Emerging high-value CDS applications include clinical surveillance systems that can review large volumes of clinical data and highlight patient risks when they occur. As a result, it helps guide real-time changes in care. CMDs can dramatically reduce the cost of data collection for these systems, making them a practical alternative for more hospitals.
Another CMD-driven CDS capability is the ability to receive global alerts for each type of device. For example, networking older IV pumps without safety alerts could allow hospitals to create their own real-time alerts based on current data. These alerts could be sent to nurses in time to avoid dangerous and costly errors—in essence, making “smart pumps” out of “dumb” pumps. Potential candidates for this type of CDS include IV pumps, ventilators, and cardiac monitors.
Improved Analytical Value
Devices that connect to the network add analytical value. If all of a hospital’s smart pumps are connected to the network, then pump data can be aggregated to show trends in unsafe pump programming (thus requiring training for nurses), and determine whether certain times of day see greater numbers of errors, etc.
Electronic medical devices aren’t reimbursed separately, but many are associated with procedures that do maintain separate charges. Accurate, complete, timely data on device use can be part of an audit to identify and capture missed procedure charges.
Increased Nursing Satisfaction
Nurses don’t like transcribing data from medical devices. It’s tedious, error-prone work, and it gobbles up valuable time that otherwise could be spent on patient care. Hospitals that have implemented CMDs find that their nursing staff greatly prefers reviewing imported data to transcribing them directly. One medical centre spokesperson, referring to CMDs, says that “this application is the only time I have seen a nurse hugging an information systems employee.”
As stated earlier, the operational benefits of device connectivity are greater outside of hospitals. That’s because physician offices, post-acute and long-term care facilities, and especially the patient’s home are not only less “wired” than hospitals, but have fewer staff available to collect data manually. Therefore, it becomes more challenging to manually collect device data outside the hospital without remote-patient-monitoring (RPM) devices.
RPM devices will help mitigate the need for nurses outside the hospital environment. They automate data collection and reduce the required number of home visits.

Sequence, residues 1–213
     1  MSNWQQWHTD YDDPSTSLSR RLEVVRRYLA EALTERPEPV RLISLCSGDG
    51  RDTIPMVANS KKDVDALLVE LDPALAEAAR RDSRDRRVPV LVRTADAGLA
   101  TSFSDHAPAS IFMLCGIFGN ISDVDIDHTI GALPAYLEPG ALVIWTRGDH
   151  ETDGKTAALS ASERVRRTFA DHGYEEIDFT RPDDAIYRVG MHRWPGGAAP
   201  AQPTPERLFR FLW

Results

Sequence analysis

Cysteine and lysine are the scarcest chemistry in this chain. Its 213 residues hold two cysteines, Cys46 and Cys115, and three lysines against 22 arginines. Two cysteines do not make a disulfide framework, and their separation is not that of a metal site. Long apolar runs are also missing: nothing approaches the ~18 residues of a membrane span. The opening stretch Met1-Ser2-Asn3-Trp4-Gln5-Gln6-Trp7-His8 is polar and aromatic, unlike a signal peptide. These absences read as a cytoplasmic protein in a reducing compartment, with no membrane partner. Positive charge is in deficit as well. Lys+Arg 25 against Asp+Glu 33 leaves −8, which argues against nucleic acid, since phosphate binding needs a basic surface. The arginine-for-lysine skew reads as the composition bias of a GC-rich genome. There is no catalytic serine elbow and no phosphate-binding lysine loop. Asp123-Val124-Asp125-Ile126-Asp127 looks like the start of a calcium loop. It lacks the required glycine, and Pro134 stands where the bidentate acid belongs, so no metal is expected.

Device Connectivity Challenges
In spite of the substantial benefits of CMDs, a great deal of frustration exists among hospitals and medical device vendors over the technical and operational challenges of connecting their devices. One major challenge concerns the translation of device data from numerous proprietary device formats into something that can be read and understood by EMRs and other information systems. Other key challenges include support of standard wireless-networking security protocols, support of dual-band wireless communications, support of multiple interfaces in addition to serial connections, and minimising the burden of testing to ensure device compatibility.
In addition, device manufacturers must perform a balancing act: The need for stable product designs that can last many years to recoup the high costs of device development versus the rapid evolution of technical capabilities and standards.
The increased interest in CMDs for hospitals centers on the incorporation of device data into EMRs. This helps create a more complete and accurate picture of patients’ conditions and enhances clinical decision support and analytics capabilities, leading to improved care processes and patient outcomes. Most hospitals have dealt with this issue one device at a time, since each device vendor has its own proprietary data format. However, burgeoning data volumes and the growing number of networkable devices has made it an unwieldy process.
To take that burden off device manufacturers and individual hospitals, some device connectivity vendors are designing translation software into their modules. These solutions can translate data into HL7 and other standard formats.
Wireless Network Security
Cisco, which has become the dominant infrastructure provider in hospitals, is known for providing very secure wireless access points. The company initially developed the Extensible Authentication Protocol (EAP) standard to provide increased security. Cisco’s latest standard is called PEAP (protected EAP).
It’s important that device manufacturers support a hospital’s preferred security protocol (likely PEAP or EAP) to avoid costly workarounds. In many cases, workarounds aren’t feasible and the hospital will instead select another, compliant device vendor. Support for EAP and other common wireless networking security protocols requires that wireless-networking vendors add special software, memory to store and run the software, and additional processing power.